b.         $411,000 for the upgrading of toilets on the Southern Scenic Route at Waikawa, Clifden Bridge, Monkey Island and Te Anau

c.         $300,000 for upgrading of the parking area at the Lake Manapouri Visitor Centre at Pearl Harbour.  

Responsible Camping

77.     The Queenstown Lakes District Council are working to a very tight timeframe to develop a Responsible Camping Strategy that will also be used to assist with managing ‘freedom camping’ this summer. They are aware that there may be implications for other councils and organisations and have invited representatives from DOC, LINZ, NZTA, Southland District Council and Central Otago District Council to be part of their project control group.

Southland Museum Consultation - Our Tale Project

78.     Staff have been involved in a volunteer working group which undertook community consultation across Southland asking residents for their views on the future Southland Museum so that those views would have a voice in the future development plan.

79.     The community consultation took place throughout the month of July 2018.  The volunteer working group was formed to advise and assist with the consultation process.  The group provided specialist expertise in heritage and marketing including social media and additional reach within different communities. Members of the group also assisted at the workshops and with analysing the very large volume of input received.  The completion of the report in August will ensure that the information is able to be fully considered within the larger redevelopment project.

80.     The public were able to give their views by either completing an online or hard copy survey or by attending a workshop.  Many participants expressed a sense of loss and concern at the closure of the museum, but also hope and excitement for what the future museum could be. They also hoped, quite strongly at times, that the redevelopment could be progressed rapidly.

81.     A copy of the report is available from Council’s area offices.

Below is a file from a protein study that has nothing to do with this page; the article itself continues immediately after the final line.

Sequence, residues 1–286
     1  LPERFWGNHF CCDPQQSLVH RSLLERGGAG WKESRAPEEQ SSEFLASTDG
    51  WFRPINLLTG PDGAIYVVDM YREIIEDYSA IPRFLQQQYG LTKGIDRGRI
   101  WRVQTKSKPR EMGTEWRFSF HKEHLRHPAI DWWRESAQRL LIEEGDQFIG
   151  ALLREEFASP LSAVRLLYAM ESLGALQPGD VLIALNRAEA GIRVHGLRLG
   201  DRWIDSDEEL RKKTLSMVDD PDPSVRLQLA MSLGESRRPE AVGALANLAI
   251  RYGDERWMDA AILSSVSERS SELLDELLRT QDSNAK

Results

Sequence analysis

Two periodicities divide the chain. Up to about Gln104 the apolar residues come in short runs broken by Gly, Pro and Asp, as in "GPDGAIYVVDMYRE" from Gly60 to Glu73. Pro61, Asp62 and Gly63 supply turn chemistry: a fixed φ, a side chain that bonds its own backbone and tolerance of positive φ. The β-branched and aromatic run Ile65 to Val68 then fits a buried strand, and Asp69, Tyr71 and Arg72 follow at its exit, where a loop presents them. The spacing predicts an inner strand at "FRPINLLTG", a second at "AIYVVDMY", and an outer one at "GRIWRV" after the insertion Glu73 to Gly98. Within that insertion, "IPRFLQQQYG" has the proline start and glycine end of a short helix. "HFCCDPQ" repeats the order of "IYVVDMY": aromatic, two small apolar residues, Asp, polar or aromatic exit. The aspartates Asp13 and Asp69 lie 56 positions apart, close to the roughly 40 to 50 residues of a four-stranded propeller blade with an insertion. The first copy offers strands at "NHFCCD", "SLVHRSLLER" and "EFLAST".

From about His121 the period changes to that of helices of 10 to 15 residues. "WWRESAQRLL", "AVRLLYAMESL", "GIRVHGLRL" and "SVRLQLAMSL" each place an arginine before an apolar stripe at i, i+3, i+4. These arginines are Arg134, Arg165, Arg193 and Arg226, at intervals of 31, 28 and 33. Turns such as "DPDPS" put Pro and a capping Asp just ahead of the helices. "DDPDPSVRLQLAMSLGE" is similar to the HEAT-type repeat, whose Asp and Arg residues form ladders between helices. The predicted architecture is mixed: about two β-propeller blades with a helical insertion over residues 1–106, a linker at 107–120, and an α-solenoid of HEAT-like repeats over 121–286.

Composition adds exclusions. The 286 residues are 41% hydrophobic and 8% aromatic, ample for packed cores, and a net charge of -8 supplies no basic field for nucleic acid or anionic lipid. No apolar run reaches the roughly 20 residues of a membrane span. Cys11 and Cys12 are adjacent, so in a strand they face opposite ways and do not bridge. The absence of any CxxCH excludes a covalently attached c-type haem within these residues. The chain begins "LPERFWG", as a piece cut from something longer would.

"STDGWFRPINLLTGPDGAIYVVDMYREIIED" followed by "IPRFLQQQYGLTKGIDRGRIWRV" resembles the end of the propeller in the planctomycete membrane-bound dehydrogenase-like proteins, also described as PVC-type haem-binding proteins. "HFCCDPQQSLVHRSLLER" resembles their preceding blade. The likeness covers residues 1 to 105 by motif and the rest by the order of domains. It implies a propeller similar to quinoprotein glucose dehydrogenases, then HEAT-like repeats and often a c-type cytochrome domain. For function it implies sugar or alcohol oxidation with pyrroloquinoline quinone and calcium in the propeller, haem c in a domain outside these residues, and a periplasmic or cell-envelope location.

Venture Southland

82.     Venture Southland is working with the Southland Heritage and Building Preservation Trust to complete work on the Kohi Kohi Cottage restoration project. This includes working to complete the subsequent accountability information.

83.     Venture Southland is facilitating the development of the 2019-2029 Southland Murihiku Destination Strategy which will establish a framework for destination development, destination management and provide a pathway for achieving the goal of $1 billion in tourism revenue, in Southland by 2025.

84.     A Southland Destination Strategy (SDS) Strategic Advisory group has been established to drive the development of the strategy and ensure the process is inclusive. The group includes representatives from the Southland tourism sector, MBIE, Department of Conservation, Tourism NZ, Air NZ, Iwi and Council.

 

85.     The strategy will align with local, national and sector initiatives including the regional events strategy, Welcoming Communities pilot programme and the development of the Southland Story.  An independent consultant will be employed to carry out wider consultation and advance the strategy. Requests for proposals from consultants are currently being sought.  The development and implementation of the strategy will help position Southland as a preferred destination for both domestic and international markets and will set the strategic direction for the region.

86.     The development of a Southland Story was identified as an immediate priority in the Southland Regional Development Strategy Action Plan.  The project, which aims to identify and develop a consistent Southland story that articulates a unified message of past, present and future, is now being facilitated by Venture Southland.  This project is supported by the Ministry of Business, Innovation and Employment, aligns with the Southland Murihiku Destination Strategy and will play a fundamental role in achieving the goal of 10,000 more people to Southland by 2025.